Linn In Hua Bursary Award

The Linn In Hua Bursary Award seeks to promote meritocratic access to education and to provide financial assistance to students in financial need.


  • Open to All Nationalities
  • Full-time undergraduates in any year of study, pursuing any pillar programme at SUTD
  • Good academic standing
  • Demonstrated financial need with monthly household Per Capita Income of less than S$2,000
  • Uphold strong values e.g. passion, integrity and moral character
  • Leadership and community involvement would be advantageous
  • Must NOT be a current scholarship holder


  • The Bursary Award is tenable for one year only
  • Recipients may reapply to be considered for the Bursary Award in their subsequent year of study, subject to good academic standing and other terms

Benefits of the Award

  • S$6,000 per annum
  • Bursary award is strictly for tuition fees only

Terms and Conditions

Recipients may not, without the approval of the University, hold concurrently any other scholarships, awards, bursary, award of a monetary nature.

Bursary recipients must take up the Tuition Fee Grant Subsidy by the Singapore Government.


This Bursary is established in memory of the late Mr Linn In Hua.

The late Mr Linn In Hua wrote in his unfinished memoir: “Fate was harsh to me. My ambition to become a scientist has gone; my hope now rests on my next generation!” Indeed, the Endowment Fund set up in loving memory of Mr Linn will help to facilitate future generations of students to fulfill their dream in pursue of a tertiary education.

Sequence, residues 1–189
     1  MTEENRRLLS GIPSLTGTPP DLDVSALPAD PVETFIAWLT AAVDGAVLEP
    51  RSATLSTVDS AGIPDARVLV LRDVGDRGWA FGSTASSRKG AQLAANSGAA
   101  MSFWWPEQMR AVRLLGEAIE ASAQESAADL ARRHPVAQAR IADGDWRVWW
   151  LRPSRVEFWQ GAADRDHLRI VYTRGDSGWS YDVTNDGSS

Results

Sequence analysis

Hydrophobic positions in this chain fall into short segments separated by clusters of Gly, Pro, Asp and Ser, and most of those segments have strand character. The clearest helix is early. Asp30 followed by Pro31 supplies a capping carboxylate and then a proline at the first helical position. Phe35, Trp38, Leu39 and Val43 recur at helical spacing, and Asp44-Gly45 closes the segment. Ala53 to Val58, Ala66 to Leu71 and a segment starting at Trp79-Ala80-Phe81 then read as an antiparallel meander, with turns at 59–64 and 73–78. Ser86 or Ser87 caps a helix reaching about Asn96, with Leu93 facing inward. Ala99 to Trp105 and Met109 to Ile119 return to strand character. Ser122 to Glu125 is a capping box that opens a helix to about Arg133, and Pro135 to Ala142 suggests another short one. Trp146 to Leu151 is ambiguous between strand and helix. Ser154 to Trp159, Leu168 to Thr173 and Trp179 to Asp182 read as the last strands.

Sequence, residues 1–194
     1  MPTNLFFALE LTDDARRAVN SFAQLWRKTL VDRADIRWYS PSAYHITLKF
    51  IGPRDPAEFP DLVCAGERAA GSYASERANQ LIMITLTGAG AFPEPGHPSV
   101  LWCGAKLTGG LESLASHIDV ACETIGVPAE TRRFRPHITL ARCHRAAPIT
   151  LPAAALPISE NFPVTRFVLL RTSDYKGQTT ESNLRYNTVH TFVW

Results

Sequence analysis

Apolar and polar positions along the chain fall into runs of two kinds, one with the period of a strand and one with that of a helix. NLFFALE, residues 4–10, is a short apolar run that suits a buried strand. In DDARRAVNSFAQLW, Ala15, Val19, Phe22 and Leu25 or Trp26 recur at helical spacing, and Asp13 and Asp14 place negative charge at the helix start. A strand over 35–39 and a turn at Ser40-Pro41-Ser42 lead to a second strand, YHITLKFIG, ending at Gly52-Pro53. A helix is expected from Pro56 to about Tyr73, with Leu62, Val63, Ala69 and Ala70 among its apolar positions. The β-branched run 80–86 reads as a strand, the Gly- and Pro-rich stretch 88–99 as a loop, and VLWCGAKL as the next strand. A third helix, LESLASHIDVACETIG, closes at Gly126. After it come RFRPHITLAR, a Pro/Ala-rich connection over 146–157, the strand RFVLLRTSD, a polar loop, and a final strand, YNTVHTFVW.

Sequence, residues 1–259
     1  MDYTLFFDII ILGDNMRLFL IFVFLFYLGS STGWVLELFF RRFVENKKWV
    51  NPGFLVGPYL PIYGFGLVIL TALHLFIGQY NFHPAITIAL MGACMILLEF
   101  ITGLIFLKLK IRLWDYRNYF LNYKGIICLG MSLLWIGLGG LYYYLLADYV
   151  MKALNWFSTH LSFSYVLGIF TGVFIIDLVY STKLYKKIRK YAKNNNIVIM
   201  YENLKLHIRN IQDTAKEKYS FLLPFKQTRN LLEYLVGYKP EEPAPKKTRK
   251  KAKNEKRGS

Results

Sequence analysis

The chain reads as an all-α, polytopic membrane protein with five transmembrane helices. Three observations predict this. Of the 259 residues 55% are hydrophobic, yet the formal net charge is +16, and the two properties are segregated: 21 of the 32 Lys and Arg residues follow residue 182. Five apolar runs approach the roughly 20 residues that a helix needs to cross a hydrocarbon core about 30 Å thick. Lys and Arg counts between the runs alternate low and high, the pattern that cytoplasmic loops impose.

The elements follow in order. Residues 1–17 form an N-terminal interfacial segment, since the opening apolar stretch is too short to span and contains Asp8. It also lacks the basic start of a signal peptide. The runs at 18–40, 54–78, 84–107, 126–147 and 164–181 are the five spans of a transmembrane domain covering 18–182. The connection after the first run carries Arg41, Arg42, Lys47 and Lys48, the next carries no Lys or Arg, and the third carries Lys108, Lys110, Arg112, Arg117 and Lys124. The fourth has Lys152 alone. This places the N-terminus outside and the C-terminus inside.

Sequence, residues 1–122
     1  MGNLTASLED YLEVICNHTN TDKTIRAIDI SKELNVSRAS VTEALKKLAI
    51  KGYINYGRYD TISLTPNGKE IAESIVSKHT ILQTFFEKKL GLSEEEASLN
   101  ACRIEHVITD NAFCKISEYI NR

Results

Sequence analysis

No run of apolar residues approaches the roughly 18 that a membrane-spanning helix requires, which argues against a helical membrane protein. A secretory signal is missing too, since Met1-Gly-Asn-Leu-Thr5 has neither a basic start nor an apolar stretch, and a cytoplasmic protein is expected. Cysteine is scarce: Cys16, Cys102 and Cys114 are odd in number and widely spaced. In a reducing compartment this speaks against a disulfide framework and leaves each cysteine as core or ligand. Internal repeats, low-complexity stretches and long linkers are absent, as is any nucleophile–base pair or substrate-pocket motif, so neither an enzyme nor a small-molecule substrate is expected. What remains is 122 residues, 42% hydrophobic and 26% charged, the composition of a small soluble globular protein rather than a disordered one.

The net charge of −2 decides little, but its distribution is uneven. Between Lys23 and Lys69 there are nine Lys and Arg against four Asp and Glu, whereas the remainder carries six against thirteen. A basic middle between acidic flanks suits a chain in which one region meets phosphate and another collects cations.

Born in 1924 to a poor family of 8 children in the island of Jinmen, Fujian province, the late Mr Linn’s journey in formal education was interrupted multiple times by war and financial hardship. During the Japanese occupation, the creative teenage Mr Linn ventured into backyard manufacturing of recycled paper, lipsticks and compasses to help support his family. His secondary school education resumed in Chung Ling High School after the war but financial circumstances forced him to withdraw from higher secondary to work as a mechanic. Over the years the young entrepreneur moved on to set up an engineering company in partnership. However the thirst for knowledge and aspiration in pursuing higher studies and an academic career never left him. At the age of 33 and already a father of 2, he gathered enough resources to pursue his dream in London. He first took “O” and then “A” level as a private candidate and gained entrance into University of London to study Physics. Fate had it that, just one year before graduating, he had to suspend his studies to return to Malaysia to salvage the mismanaged business, which was in such a state that “after a year, the plan to resume my studies was abandoned, and to date I am still an undergraduate.”

Like many Chinese businessmen of his time, through hard work and perseverance, business grew and so did the sense of calling in giving back to the society. The boy who fled Jinmen with his family as refugee became, decades later, the President of the Singapore Chinese Chamber of Commerce & Industry (1987-1989). His active involvement in contributing to the society also included participation in the management committees of numerous educational boards and welfare organizations, such as the former Vocational and Industrial Training Board, Tan Kah Kee Foundation and the Singapore Buddhist Lodge.

Mr Linn passed away in October 1998. While it was his regret that he did not have a chance to complete his university education, the endowment fund from his estate will help other deserving students today in completing their tertiary education.